Twenty Torontonians will use their first-hand experience with the conditions and impacts of living with poverty to inform the development, implementation and monitoring of the city’s anti-poverty initiatives.
More than 350 residents applied to be part of the Lived Experience Advisory Group (LEAG). The selected members come from communities across the city and have diverse experiences with poverty. They represent the population groups most affected by poverty as well as people currently living in poverty and people who have overcome it.
“This is an exciting opportunity for residents, staff and political representatives to work together towards effective and meaningful change,” said Deputy Mayor Pam McConnell (Ward 28 Toronto Centre-Rosedale), the City’s Poverty Reduction Advocate. “The LEAG will be an invaluable resource by bridging the conversation between communities, by promoting city services and poverty-reduction related activities to local residents and by educating and informing Council and staff of the realities of living in poverty in Toronto.”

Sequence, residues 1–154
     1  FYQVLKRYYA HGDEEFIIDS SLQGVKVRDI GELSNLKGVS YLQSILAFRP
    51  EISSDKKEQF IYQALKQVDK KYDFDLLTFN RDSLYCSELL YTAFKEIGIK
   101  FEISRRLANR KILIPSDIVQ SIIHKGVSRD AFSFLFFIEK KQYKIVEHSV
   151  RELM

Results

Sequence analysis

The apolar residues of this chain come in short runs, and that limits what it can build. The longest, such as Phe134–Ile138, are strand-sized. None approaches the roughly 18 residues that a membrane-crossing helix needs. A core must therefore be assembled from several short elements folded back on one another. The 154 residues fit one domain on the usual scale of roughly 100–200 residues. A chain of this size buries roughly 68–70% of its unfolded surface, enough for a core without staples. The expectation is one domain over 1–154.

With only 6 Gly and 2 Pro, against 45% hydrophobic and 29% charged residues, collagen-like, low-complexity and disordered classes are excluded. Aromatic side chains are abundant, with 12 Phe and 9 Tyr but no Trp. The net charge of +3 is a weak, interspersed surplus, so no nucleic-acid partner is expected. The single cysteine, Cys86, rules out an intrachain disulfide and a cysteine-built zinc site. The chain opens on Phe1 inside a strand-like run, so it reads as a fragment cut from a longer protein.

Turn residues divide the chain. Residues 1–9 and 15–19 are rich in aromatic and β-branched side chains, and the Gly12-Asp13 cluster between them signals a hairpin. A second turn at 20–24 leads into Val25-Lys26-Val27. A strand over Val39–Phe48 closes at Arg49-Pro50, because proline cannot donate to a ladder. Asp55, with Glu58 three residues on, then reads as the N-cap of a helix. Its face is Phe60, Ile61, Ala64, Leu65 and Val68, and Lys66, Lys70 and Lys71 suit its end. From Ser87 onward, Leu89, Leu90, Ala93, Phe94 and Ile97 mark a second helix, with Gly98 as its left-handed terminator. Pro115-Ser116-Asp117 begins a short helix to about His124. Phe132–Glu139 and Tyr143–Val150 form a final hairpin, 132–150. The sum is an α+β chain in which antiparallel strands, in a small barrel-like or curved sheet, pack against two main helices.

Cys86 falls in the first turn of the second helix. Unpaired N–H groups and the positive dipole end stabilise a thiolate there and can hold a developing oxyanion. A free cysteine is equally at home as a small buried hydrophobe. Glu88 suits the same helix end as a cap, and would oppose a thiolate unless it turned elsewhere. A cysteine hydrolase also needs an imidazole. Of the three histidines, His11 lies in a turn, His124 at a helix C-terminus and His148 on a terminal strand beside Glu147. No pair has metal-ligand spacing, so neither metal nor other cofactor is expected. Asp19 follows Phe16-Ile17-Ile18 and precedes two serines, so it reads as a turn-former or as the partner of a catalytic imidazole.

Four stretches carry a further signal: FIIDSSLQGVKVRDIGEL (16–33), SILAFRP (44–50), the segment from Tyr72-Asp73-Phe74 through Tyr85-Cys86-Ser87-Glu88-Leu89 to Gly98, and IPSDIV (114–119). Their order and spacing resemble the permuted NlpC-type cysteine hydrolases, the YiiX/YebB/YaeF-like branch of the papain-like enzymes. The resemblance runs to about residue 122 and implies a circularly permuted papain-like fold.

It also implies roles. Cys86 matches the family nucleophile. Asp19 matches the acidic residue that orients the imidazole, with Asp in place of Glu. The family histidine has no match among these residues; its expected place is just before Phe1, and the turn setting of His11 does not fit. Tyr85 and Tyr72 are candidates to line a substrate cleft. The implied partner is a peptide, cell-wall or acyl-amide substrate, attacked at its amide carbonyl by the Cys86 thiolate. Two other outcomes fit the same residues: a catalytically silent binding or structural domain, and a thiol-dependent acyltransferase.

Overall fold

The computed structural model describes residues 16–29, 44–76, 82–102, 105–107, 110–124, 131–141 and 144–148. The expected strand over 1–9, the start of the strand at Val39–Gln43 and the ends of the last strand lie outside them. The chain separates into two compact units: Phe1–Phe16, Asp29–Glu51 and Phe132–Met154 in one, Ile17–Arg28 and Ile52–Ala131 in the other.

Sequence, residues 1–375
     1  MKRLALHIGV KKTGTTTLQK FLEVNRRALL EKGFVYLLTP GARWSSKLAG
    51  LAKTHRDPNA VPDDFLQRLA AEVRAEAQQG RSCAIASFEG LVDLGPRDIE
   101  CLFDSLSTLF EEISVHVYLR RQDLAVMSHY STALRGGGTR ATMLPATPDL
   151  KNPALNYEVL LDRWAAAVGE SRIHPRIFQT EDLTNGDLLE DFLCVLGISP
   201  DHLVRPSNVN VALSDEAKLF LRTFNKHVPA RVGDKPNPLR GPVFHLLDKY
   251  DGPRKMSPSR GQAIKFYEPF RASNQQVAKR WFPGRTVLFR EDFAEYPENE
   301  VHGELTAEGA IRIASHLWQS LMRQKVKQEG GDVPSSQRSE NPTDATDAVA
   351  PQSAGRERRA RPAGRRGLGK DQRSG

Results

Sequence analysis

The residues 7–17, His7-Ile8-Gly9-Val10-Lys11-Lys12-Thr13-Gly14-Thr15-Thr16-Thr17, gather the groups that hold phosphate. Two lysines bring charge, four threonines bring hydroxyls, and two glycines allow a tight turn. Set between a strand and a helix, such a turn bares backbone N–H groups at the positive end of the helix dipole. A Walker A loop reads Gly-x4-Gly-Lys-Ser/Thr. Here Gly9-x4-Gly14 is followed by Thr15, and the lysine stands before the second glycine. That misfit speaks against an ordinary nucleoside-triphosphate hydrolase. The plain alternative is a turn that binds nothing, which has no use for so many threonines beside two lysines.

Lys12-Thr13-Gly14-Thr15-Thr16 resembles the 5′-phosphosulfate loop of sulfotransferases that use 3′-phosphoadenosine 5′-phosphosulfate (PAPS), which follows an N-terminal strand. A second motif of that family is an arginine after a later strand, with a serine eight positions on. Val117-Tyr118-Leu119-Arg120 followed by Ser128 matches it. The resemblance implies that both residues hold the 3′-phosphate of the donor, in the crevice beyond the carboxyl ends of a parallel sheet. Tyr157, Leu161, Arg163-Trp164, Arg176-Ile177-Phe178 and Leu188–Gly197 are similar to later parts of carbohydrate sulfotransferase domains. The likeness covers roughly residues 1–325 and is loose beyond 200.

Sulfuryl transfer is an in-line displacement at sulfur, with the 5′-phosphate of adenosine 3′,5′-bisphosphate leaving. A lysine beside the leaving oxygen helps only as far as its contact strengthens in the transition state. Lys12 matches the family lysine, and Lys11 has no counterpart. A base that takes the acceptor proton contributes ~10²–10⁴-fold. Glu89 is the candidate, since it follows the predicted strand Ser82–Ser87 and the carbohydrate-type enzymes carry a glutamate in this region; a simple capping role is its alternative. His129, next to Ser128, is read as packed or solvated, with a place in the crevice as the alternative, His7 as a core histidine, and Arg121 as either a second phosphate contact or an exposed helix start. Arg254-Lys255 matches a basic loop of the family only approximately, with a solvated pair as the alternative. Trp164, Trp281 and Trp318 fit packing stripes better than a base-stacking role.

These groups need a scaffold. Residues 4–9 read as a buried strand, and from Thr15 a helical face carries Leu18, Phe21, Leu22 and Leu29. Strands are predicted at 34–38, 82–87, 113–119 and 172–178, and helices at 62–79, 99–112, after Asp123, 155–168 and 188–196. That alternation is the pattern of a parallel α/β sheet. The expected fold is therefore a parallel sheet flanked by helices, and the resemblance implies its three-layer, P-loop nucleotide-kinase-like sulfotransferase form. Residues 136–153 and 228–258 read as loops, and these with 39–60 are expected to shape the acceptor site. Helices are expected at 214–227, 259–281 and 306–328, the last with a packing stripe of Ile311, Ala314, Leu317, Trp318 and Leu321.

The group will meet regularly over its 2-year term to provide information and advice to city staff, as well as to contribute to the implementation of the Poverty Reduction Strategy.
“LEAG is important in order to share our narratives about our lived experience, successes, failures and insight into how the three levels of government work or don’t work for citizens trying to make it back from the very margins of society,” said Heather Shand, a LEAG member. “Together we will form a strong voice, build bridges within city hall, form new working relationships and most importantly, inform policy with our vast, incredible and inspiring stories.”
TO Prosperity: Toronto Poverty Reduction Strategy is a concrete, 20-year plan to address the immediate needs of low-income residents, create pathways to prosperity, and drive systemic change. Unanimously approved by Toronto City Council in 2015, TO Prosperity is informed by the expertise of people with lived experience of poverty. The strategy has 17 recommendations for improving housing stability, services access, transit equity, food access, and the quality of jobs and incomes.
— Jennifer Wing